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Arctic Summer (Hesperus Classics) Paperback – 29 Aug 2003
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'...a delicious tangle for the peeping tom in us to delve into and untangle... Forster was incapable of writing a dull or lifeless line' --Anita Desai
'These opening pages are masterly' --The Spectator
'Forster's relish in depicting the comfortable English abroad,... is here as keen as it was in 'A Room with a View'.' --The Guardian
From the Author
a delicious tangle for the peeping tom in us to delve into and untangle Forster was incapable of writing a dull or lifeless line From the foreword by Anita Desai, author of Fasting, FeastingSee all Product Description
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Top Customer Reviews
The main protagonists in the novel, Martin Whitby and the Lieutenant Clesant March, embody opposite ideas and temperaments: Martin is a calm, modern, liberal; Clesant and his adored brother Lance are young men who have grown up under the influence of their uncle Arthur Vullamy (the best delineated character in the novel, albeit verging on caricature) with a military-romantic code of chivalry, heroism, and sense of honour and probably sharing Vullamy's view that Martin's way of living is not only decadent but dangerous for England: what the middle classes need was "the discipline of war". But while a clash of such attitudes is credible, I found the personalities embodying them hard to take seriously, Clesant in particular, and some of the writing (including the title of the novel) rather mannered.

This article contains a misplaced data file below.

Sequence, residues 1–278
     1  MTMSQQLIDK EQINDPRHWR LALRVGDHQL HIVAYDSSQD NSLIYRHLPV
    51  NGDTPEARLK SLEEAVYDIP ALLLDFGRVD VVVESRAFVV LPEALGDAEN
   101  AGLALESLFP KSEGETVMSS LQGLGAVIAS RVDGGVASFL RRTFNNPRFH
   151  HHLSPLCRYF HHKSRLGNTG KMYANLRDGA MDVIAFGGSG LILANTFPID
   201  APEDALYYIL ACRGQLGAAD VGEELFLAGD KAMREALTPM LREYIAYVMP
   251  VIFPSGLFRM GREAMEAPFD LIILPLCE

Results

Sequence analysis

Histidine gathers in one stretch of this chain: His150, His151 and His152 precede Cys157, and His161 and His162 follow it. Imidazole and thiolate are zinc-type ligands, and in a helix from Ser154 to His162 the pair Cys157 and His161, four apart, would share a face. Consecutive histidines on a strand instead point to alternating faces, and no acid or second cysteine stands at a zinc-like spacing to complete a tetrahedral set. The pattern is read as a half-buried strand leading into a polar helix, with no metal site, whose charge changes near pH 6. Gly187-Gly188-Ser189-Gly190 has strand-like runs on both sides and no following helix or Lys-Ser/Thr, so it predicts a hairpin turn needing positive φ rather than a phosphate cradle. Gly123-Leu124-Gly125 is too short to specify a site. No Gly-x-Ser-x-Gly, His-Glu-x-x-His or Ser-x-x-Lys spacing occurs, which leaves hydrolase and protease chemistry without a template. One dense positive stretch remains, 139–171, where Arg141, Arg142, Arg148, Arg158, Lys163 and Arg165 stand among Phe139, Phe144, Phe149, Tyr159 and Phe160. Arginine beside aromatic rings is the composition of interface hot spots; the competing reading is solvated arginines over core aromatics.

The fragment ends abruptly and dramatically after 84 pages. I thought the plot became interesting only ten pages before that.
Something for Forsterians I think, as what exists would make little sense to the general reader. As it is, I'm pushed to recall exactly what transpired in the few chapters Forster did complete, although I read them only a few days ago.
One cannot help but wonder - would it be a good novel? My impression is that it would not. Certain elements and scenes have been used before (close reading reveals especially similarities to A Room with a View), and there is little new and striking. The central conflict between action and ideas would probably be too little to sustain another novel after Howards End.
In short - a necessary reading for any true Forsterian and it is very good that it is finally available in a mass-market paperback (the Abinger edition is very difficult to find) but not necessarily for the general reading public. General reading public, however, should immediately aim for the next novel Forster managed to complete: A Passage to India.
My copy was in mint condition